The use of Scott Schedules
As is typically the case in private law children proceedings where allegations of domestic abuse are raised, the court may direct the parties to prepare a Scott Schedule. The purpose of this is to list the allegations and set them out in a clear and concise manner.
In the appeal, it was argued almost unanimously that Scott Schedules could act as a ‘barrier to fairness and good process, rather than an aid’. Submissions were made as to the potential for Scott Schedules to inhibit an understanding of the wider context of harmful behaviour by focusing on isolated incidents as opposed to patterns of behaviour. Adding to that, the parties drew attention to the limits that are often imposed on the number of allegations that can be pursued, which may in turn produce a false or inaccurate portrayal of the relationship.
The court noted that ‘serious thought’ is needed to develop a new method of summarising and organising the matters due to be heard at a fact-finding hearing so the case that a respondent has to meet is clearly spelled out. However, the organisation and summary of the allegations should not distort the focus on patterns of behaviour. As such, the court considered that a move away from Scott Schedules is required, but no guidance was provided on what that move away could look like. It seems as though it will be for the Private Law Working Group together with The Harm Panel’s implementation group to consider this issue.
Approach to controlling and coercive behaviour
The court made clear that there must be an increased focus on controlling and coercive behaviour. At the same time, the court was mindful of the difficulties faced by judges in balancing the need for a proper implementation of PD12J with the damage caused to children by delay. More specifically, the court recognised the possible tension between evaluating the existence of a pattern of coercive and controlling behaviour, and potentially significantly increasing the length of proceedings.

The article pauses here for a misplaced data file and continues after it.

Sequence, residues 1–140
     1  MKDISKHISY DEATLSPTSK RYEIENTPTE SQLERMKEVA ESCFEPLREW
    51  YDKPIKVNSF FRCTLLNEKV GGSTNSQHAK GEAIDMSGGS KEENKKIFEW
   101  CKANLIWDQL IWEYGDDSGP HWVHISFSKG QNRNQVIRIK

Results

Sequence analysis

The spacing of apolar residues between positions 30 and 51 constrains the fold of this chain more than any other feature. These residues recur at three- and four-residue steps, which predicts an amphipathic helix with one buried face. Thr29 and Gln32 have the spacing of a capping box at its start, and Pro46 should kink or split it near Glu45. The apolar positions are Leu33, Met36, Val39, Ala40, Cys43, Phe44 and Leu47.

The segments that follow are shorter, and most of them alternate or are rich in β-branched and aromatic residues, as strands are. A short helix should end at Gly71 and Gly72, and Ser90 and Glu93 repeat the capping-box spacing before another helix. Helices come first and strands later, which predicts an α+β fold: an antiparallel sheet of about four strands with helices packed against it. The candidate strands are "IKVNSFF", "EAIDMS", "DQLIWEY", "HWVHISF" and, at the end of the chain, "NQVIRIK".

The court also made clear that, where one or both of the parents assert a pattern of coercive and/or controlling behaviour, this should be the primary issue determined at a fact finding hearing. More specific factual allegations should be selected for trial for their potential probative relevance, unless the allegation is so serious that its determination is justified.
The relevance of criminal law concepts
There is a clear overlap of family and criminal law in the context of domestic abuse. However, in this appeal, the court did not deviate from the well-established principle that it would be wrong to muddle family law with criminal procedure and principles (Re R (Children) (Care Proceedings: Fact-finding Hearing)  EWCA Civ 198). The judgment makes clear that the Family Court should not immerse itself in the analysis of behaviour by applying criminal law concepts. A family judge needs to bear in mind that they are concerned with how the parties behaved and what they did, rather than establishing the strict criminal law definition of their behaviour.
While the guidance issued by the Court of Appeal was in many ways limited, the judgment makes clear that there will now be a shift away from focusing on individual incidents of domestic abuse, to looking at patterns of behaviour. Further changes to the way that the Family Court deals with these cases are afoot and family practitioners will need to be aware of the changing landscape around private law children cases involving allegations of domestic abuse. The Court of Appeal has sent a clear signal that a modern approach to domestic abuse is now required.
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Irene Karidas, Paralegal in our Family and Matrimonial team, contributed to this article.child law, court of appeal, domestic abuse, domestic abuse bill, family l, child law, court of appeal, domestic abuse, domestic abuse bill, family l, child law, court of appeal, domestic abuse, domestic abuse bill, family l, child law, court of appeal, domestic abuse, domestic abuse bill, family l, child law, court of appeal, domestic abuse, domestic abuse bill, family